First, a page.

What do I do now?

Tough decisions always come with a lot of emotional baggage, so let me be real with you. I am scared. Literally petrified that no matter which choice I choose, it will be the wrong one. 

At my most recent infusion, the nurses drew blood for a drug-level check and scheduled me for a follow-up appointment in two weeks. I left with the knowledge that I would likely be getting my infusions upped from every eight weeks to every six, pending insurance approval. 

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I spent the majority of the time prior to my follow-up pissed off that I had to return–again. It felt like a complete waste of time. No one has been hearing me, they don’t want to listen when I tell them about the blood, the pain, or the headaches and they don’t want to talk layman’s terms with me or give me the full picture. So why the need for a follow-up? As in, why now? Why not a year ago when I came to them with a butt that looked like scar face, or six months ago when I was STILL complaining of fatigue, bleeding, headaches, a leaking bellybutton, and insomnia? 

I predicted one of two things would happen: I would show up to learn that insurance, in a random act of benevolence, had approved the request for a dosing switch; or I would show up and leave just as frustrated and defeated as when I arrived. 

I never prepared for the third scenario. The one where the nurse decides to shut the door on Remicade. I started this medicine in June of 2014, one thousand three hundred and thirteen days ago. I want more time with it; I want more days. 

Why? Well, three and a half years ago I sat in a room with a nurse who advised me of the perils that go along with biologics. If you start a drug and it doesn’t work, you could effectively be cutting years off your life… or so it was presented. It seemed like a last resort, not a spur-of-the-moment whim. With less than a handful of FDA-approved drugs on the market, starting a biologic at 24 wasn’t what I had planned. But, as I said, I was never really given a choice; I picked my pregnancy and never looked back.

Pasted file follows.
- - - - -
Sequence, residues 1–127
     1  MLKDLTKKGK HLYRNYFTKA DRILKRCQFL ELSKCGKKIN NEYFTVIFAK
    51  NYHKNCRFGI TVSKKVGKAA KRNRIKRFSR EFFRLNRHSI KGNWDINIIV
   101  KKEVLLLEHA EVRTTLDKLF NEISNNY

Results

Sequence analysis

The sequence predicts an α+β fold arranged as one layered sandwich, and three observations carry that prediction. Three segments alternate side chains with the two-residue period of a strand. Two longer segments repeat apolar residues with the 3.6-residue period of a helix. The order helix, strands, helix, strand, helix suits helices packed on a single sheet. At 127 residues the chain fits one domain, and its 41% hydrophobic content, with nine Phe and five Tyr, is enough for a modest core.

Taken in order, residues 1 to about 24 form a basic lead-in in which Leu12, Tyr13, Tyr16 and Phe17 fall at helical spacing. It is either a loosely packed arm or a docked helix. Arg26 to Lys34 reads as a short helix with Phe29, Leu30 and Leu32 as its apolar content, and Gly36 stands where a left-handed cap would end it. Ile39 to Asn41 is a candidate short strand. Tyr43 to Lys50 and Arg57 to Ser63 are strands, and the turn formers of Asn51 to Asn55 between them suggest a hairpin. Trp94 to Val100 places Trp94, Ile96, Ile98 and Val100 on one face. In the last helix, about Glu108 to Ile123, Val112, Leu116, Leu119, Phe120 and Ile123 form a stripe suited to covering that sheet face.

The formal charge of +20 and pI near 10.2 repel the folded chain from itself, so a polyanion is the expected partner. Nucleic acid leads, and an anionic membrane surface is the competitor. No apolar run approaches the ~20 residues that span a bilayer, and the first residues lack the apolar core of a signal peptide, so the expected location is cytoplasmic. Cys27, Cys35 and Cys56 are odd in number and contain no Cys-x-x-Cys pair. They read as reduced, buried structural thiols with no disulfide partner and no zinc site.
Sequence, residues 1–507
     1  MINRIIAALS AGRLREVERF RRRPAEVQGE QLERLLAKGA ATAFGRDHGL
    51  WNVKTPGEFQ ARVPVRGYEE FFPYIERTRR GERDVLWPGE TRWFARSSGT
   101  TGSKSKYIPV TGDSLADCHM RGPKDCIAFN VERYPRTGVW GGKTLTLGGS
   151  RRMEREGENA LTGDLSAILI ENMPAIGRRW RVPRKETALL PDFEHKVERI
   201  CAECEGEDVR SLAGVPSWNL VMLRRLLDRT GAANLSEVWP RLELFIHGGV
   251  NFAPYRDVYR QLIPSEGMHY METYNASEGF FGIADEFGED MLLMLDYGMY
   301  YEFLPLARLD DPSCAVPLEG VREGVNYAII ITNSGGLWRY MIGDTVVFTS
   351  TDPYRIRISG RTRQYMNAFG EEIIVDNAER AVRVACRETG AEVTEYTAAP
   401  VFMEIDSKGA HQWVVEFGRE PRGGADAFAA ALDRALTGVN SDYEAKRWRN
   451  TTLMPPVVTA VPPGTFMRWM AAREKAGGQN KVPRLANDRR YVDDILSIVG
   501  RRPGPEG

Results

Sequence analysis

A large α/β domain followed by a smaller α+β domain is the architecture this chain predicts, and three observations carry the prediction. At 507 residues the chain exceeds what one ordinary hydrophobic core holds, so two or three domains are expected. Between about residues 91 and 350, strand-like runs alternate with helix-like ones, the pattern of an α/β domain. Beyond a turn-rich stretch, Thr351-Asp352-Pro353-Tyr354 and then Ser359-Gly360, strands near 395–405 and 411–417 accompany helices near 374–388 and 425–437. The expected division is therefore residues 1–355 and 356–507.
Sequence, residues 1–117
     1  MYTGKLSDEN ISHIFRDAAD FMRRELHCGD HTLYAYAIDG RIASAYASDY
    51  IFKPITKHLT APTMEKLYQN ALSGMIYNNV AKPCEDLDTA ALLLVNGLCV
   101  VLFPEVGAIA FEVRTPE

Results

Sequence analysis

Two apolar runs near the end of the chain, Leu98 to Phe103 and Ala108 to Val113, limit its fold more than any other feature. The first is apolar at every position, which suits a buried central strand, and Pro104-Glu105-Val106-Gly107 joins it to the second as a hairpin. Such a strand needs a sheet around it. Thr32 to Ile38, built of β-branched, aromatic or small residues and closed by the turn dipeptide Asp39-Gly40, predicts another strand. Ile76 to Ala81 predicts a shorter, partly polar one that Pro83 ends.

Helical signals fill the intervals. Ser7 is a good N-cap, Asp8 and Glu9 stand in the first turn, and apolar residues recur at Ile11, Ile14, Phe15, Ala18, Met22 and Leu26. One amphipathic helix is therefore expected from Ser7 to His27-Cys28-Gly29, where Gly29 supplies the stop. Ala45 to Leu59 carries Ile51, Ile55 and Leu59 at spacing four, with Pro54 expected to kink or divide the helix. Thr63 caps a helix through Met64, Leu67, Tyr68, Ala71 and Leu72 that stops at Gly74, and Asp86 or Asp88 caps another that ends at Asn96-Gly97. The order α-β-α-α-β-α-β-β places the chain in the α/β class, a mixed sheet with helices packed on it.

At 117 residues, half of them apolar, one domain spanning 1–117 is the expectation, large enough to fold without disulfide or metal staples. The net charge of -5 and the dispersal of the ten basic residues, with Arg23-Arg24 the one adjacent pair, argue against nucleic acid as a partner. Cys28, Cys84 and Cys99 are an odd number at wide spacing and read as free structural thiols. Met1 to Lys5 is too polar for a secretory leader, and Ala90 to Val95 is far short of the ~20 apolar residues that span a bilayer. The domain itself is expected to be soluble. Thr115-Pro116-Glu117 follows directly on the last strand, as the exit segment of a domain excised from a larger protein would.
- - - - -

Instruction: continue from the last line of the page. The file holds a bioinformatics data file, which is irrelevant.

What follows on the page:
I have never regretted the choice I made; in fact, I would do it over and over again. What I do regret is not reading the material and learning the full scope of the medicine. At that point, I was so focused on getting better and going into remission to protect my child, that I never saw a reason to get informed. 

Now that I am faced with the daunting realization that I am days away from getting a new med, I wish I had more scientific answers. The only ones I have are emotions and answers of the heart. 

I am afraid to risk the decent days I have now for the potential to have more. I’m 27 with two little kids; I am not ready to give up on this drug. I want to run the clock; I can take the 3 or 4 weeks of feeling like crap if that means I can stay on the meds. I want more than anything to see my kids grow up. Maybe that doesn’t make any sense, and maybe the new meds really will give me eight better weeks…but if it were your choice, your kid, would you risk it? Would you risk the manageable for an uncertainty? 

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All that being said, the nurse told me that meds have come a long way in the three or four years since that appointment. She agreed that yes, they told patients the same thing I was told, and yes that might have been true then. She said, “Things are different now, we have new meds now.” She proceeded to list a few and there was only one or two that I had never heard of. That would have calmed me down, had she not followed it up with the statement that she wanted to give me 12 weeks on the new medicine before she pulled it. 

12 weeks?! That hardly seems like enough time! That isn’t even two infusion cycles. How did she go from telling me not to cry, that there are more drugs available, to then talking about killing a second medicine – all in the same breath? 

I don’t know what to do. I don’t want to quit this medicine if there is a potential that my low drug level has to do with something else, especially when I don’t have any antibodies. I also don’t want to keep beating a dead horse. 

People tell me to do the research, but how? I’m not a doctor, I cannot read half the reports and studies, and the only thing everyone agrees on is that they have no idea how or why this disease affects people differently. 

What do I do? 

 

 

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